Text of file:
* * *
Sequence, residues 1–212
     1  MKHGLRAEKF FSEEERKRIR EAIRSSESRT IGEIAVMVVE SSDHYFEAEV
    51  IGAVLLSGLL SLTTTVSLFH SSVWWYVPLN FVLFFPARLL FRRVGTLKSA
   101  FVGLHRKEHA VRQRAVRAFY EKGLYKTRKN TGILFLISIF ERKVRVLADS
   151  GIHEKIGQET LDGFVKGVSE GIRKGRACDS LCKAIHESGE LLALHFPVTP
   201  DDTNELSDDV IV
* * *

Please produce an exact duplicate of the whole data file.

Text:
Sequence, residues 1–212
     1  MKHGLRAEKF FSEEERKRIR EAIRSSESRT IGEIAVMVVE SSDHYFEAEV
    51  IGAVLLSGLL SLTTTVSLFH SSVWWYVPLN FVLFFPARLL FRRVGTLKSA
   101  FVGLHRKEHA VRQRAVRAFY EKGLYKTRKN TGILFLISIF ERKVRVLADS
   151  GIHEKIGQET LDGFVKGVSE GIRKGRACDS LCKAIHESGE LLALHFPVTP
   201  DDTNELSDDV IV